Anti-personnel mines continue to pose an ever constant threat
Opening address by Christine Beerli, vice-president of the ICRC, 13th meeting of States Parties to the Convention on the Prohibition of Anti-Personnel Mines, Geneva, 2-5 December 2013.
A few weeks ago, the ICRC met with Salih Hasanamidzic, a 56-year-old man living in the remote village of Doboj Istok in northern Bosnia and Herzegovina. Salih survived an anti-personnel mine blast in 2011 while collecting fruit in the forest surrounding the village but he was badly injured and left permanently disabled. His wife was killed in the same incident. One of Salih’s brothers lost a leg in a similar incident in 1997, while collecting firewood. Another brother was killed in 2006, also by an anti-personnel mine in similar circumstances. Before the war, Salih’s family used to herd goats outside the village but they can no longer do so due to the presence of landmines. As a consequence, their economic situation has drastically deteriorated.
Salih’s situation is particularly devastating, but he and his family are not the only mine victims in Doboj Istok. The entire community is affected, as the surrounding forest on which they rely for firewood is still littered with anti-personnel mines.
The armed conflict in Bosnia and Herzegovina ended 18 years ago; yet as in many other countries, anti-personnel mines continue to destroy peoples' lives and pose an ever constant threat. Many mine-affected States, including Bosnia and Herzegovina, have made progress towards meeting their mine clearance and victim assistance commitments under the Convention, and many in this room have supported them in these tasks. But progress continues to be hampered, including by insufficient resources. In some cases, resources have even decreased over the years. Sustained mobilization and effective use of resources – human, financial and technical – remain critical if land essential for the economic survival of communities is to finally be cleared of anti-personnel mines, and if the Convention is to fulfil its promises to mine victims.
Cases like Salih’s demonstrate why any use of these weapons is unacceptable. The ICRC is alarmed by allegations of the use of anti-personnel mines by a limited number of States Parties, some of which remain unanswered. The ICRC calls on the States Parties concerned to immediately conduct thorough investigations – as some have already committed to doing – and to share their findings with all States Parties. If the allegations prove to be well founded, the States concerned must take the necessary measures under their national laws, in accordance with Article 9 of the Convention. States Parties may also need to consider invoking the procedures for facilitating and clarifying compliance under Article 8 of the Convention.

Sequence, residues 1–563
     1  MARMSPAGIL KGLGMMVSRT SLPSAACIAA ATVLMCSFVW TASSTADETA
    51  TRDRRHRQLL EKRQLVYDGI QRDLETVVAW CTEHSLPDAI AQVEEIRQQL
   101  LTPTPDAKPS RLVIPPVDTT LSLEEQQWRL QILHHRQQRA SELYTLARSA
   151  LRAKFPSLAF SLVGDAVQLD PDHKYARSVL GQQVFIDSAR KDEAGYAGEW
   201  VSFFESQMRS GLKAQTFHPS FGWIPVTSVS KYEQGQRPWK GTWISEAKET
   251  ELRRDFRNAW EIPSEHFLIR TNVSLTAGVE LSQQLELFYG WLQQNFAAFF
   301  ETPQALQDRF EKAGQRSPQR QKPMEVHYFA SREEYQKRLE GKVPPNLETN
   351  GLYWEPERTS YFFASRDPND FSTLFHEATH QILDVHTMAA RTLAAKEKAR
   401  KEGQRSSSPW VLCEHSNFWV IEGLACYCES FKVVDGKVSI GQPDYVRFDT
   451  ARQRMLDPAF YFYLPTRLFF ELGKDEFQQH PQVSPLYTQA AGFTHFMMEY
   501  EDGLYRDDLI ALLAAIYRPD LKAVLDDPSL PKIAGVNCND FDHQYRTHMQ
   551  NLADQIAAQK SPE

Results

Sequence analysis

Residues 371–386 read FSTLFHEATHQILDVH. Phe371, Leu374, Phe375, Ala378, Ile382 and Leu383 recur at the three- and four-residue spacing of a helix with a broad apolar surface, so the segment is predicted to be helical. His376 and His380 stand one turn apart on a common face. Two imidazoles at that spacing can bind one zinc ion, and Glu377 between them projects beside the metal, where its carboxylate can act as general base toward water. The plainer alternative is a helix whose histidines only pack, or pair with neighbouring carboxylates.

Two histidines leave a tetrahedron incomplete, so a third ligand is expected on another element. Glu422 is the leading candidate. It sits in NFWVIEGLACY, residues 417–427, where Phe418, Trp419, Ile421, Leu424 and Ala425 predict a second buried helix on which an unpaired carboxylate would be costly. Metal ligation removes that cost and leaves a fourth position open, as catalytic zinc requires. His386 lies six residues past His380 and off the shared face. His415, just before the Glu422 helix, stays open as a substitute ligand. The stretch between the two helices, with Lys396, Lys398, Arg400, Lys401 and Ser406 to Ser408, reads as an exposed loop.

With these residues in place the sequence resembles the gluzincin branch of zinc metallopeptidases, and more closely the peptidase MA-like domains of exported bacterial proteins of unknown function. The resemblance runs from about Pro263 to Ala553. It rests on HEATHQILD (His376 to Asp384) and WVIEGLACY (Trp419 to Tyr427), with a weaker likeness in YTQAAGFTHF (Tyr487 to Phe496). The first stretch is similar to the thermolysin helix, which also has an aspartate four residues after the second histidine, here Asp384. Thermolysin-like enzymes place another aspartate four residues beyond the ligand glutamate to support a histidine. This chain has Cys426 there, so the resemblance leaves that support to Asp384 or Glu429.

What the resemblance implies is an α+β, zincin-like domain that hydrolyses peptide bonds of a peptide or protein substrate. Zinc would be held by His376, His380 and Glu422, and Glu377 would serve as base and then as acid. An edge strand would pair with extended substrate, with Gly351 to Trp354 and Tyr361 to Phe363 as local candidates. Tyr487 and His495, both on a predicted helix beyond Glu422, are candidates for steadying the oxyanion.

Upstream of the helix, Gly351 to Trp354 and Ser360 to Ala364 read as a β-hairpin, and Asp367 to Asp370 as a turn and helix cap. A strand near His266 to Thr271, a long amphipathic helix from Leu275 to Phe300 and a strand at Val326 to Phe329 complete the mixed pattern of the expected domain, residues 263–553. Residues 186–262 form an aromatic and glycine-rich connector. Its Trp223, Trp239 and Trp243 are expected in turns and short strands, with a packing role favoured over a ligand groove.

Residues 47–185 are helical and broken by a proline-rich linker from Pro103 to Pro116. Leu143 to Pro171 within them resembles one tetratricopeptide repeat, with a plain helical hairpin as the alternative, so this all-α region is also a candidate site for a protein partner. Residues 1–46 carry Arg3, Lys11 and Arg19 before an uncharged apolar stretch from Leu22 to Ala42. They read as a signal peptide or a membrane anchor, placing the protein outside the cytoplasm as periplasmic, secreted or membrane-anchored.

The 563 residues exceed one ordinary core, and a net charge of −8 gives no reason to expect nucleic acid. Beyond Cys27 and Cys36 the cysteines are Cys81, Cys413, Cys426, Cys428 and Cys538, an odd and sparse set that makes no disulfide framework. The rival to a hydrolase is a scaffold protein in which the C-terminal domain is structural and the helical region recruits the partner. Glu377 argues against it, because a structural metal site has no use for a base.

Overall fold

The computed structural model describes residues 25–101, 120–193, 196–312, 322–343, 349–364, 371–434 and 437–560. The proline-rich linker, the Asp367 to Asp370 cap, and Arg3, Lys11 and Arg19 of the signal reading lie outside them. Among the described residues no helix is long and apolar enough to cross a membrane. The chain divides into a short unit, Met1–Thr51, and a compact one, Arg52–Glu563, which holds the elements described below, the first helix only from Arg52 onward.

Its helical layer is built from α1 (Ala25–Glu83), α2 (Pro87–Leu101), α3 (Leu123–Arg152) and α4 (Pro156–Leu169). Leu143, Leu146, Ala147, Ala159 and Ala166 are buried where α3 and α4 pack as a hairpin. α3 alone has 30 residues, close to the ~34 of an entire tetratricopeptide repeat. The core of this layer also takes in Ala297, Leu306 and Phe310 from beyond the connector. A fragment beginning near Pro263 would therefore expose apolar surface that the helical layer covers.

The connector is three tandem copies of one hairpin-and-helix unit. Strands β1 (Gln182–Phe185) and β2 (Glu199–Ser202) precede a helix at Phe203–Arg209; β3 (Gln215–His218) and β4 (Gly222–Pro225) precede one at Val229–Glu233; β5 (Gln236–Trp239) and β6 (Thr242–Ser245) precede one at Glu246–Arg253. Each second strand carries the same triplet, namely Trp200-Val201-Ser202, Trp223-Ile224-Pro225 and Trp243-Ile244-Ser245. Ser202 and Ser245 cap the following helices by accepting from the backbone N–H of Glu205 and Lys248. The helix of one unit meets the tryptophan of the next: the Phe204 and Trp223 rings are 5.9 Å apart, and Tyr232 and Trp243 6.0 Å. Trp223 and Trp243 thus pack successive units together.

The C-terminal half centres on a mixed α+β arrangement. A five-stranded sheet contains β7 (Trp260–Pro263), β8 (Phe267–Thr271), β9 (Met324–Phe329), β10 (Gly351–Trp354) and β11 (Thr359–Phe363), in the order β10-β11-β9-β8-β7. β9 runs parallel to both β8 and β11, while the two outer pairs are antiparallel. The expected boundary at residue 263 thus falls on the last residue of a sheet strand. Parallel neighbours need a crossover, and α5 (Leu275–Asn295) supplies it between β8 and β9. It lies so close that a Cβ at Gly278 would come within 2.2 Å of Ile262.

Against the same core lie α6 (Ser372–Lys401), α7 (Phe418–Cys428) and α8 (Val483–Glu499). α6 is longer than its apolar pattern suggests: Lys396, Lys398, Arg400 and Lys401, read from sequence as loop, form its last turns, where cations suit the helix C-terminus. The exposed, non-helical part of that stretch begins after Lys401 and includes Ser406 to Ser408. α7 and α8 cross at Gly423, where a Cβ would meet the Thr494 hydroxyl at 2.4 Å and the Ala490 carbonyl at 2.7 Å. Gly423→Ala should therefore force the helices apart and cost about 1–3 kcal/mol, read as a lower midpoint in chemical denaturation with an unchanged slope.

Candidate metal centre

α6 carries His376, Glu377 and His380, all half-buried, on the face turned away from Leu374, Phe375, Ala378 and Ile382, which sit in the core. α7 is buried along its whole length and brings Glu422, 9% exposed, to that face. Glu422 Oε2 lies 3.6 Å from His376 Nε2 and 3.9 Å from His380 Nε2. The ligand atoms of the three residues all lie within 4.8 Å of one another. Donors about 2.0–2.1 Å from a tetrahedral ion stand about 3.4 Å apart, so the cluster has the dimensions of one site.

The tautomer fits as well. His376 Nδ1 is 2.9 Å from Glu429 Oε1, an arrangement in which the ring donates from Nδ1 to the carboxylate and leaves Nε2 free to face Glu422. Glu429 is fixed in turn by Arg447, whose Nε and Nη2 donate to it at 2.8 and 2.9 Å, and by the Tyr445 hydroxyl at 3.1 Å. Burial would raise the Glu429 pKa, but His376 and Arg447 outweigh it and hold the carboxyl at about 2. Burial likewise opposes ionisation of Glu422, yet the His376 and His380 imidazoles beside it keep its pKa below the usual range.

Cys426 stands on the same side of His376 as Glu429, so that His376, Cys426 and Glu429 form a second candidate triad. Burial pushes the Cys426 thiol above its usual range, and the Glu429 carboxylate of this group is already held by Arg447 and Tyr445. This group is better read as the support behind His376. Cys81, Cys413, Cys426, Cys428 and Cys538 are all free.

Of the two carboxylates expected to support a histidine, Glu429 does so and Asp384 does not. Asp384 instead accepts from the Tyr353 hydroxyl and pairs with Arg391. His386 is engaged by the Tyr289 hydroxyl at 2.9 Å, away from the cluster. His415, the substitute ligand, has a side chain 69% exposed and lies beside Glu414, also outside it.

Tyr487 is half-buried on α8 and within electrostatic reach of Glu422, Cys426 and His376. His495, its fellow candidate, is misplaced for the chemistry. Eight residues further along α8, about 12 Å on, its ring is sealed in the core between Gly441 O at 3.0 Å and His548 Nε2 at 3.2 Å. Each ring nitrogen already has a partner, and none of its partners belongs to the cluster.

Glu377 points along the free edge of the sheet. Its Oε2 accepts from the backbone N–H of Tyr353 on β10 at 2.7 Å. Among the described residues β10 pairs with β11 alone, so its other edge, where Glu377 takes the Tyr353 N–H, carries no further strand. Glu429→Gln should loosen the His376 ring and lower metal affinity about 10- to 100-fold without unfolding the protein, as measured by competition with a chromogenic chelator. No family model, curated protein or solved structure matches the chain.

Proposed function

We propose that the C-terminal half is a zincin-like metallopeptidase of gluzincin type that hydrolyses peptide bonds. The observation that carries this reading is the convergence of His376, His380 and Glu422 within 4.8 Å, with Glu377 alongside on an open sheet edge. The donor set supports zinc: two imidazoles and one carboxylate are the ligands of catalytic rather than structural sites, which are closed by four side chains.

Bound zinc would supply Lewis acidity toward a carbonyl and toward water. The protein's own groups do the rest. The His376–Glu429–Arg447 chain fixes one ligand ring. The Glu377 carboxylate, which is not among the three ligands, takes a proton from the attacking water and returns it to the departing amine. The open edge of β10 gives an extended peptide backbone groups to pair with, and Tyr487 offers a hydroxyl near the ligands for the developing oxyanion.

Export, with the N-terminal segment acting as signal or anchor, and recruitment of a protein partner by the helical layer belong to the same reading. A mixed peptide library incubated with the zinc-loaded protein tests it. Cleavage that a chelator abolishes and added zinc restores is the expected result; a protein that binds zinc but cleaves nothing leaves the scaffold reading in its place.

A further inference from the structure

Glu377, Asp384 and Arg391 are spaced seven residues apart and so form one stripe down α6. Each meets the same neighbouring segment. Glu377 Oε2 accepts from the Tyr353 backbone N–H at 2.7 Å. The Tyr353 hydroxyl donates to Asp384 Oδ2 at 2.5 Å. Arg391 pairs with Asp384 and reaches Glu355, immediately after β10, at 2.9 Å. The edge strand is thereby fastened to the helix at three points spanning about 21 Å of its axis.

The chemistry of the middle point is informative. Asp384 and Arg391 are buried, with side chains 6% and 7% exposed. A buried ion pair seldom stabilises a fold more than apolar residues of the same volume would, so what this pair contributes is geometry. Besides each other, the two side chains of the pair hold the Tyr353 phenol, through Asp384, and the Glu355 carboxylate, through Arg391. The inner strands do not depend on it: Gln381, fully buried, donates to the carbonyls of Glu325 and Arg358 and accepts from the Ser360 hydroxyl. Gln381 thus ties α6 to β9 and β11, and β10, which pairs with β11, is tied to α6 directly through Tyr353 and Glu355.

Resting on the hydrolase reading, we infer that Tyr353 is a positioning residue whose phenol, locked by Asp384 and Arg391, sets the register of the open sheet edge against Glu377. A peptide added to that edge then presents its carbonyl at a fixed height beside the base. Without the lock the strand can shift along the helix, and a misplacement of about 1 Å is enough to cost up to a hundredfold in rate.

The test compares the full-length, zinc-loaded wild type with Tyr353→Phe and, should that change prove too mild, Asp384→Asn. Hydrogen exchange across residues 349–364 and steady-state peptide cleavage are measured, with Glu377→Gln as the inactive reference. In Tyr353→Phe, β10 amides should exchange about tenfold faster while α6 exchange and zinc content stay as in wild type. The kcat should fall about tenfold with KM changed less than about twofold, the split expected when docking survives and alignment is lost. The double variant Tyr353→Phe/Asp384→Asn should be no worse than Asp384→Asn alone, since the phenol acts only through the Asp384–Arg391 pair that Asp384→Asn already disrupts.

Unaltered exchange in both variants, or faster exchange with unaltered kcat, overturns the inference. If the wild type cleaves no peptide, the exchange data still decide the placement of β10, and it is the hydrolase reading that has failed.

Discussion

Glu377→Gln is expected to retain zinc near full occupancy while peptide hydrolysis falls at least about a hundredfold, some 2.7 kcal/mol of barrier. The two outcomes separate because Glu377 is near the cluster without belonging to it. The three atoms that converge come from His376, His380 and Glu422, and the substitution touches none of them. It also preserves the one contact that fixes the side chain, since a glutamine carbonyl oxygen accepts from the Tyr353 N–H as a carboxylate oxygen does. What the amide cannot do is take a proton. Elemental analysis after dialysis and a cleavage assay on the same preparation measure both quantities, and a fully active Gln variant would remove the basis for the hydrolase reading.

Clearance of anti-personnel mines is one of the cornerstones of the Convention. It requires political will, efficient planning and management and, of course, financial resources. Since the Convention’s entry into force, nearly 15 years ago, 25 out of 59 mine-affected States Parties have declared completion of their mine clearance obligations. These achievements deserve to be celebrated. However, the ICRC remains disturbed by the number of States that seem not to have given sufficient attention to planning or surveying work within their initial ten-year time frame and have subsequently required extensions of their clearance deadlines. We call on mine-affected States, and on those in a position to support them, to increase their efforts and bolster their partnerships to ensure rapid and effective surveying and clearance work. This is crucial not only to free up land for affected communities such as those in Bosnia and Herzegovina, but also to ensure that there will be no new mine victims.
We call on mine-affected States, and on those in a position to support them, to increase their efforts and bolster their partnerships to ensure rapid and effective surveying and clearance work."
We know from ICRC field operations that a lot still needs to be done to assist the victims of anti-personnel mines and other weapons. Despite all of the discussion and work that has been done in the last 15 years, many States have made insufficient progress on victim assistance. The role of donors is vital but the States affected must also intensify their commitment to improving the situation of survivors, families and affected communities; and they must take concrete steps in this direction. Much can be achieved through increased national ownership and political will to improve the physical, social, economic and professional environments of the people at the heart of this Convention.
As we look towards the Third Review Conference in 2014, we urge all States Parties to show renewed energy and leadership in tackling the challenges that lie ahead. We can take heart from the Convention’s impressive achievements, in particular the quantity of land cleared and released to communities, the number of stockpiled mines destroyed and the significant decrease in casualty rates over the last 15 years. But the continued engagement and vigilance of all States Parties and stakeholders are still required to put an end to the suffering caused by anti-personnel mines.
For the inhabitants of Doboj Istok, and for thousands of others in affected communities around the world, anti-personnel mines are not yet a distant memory; they are a weapon that continues to affect peoples’ lives and livelihoods on a daily basis. The power to change this is in your hands.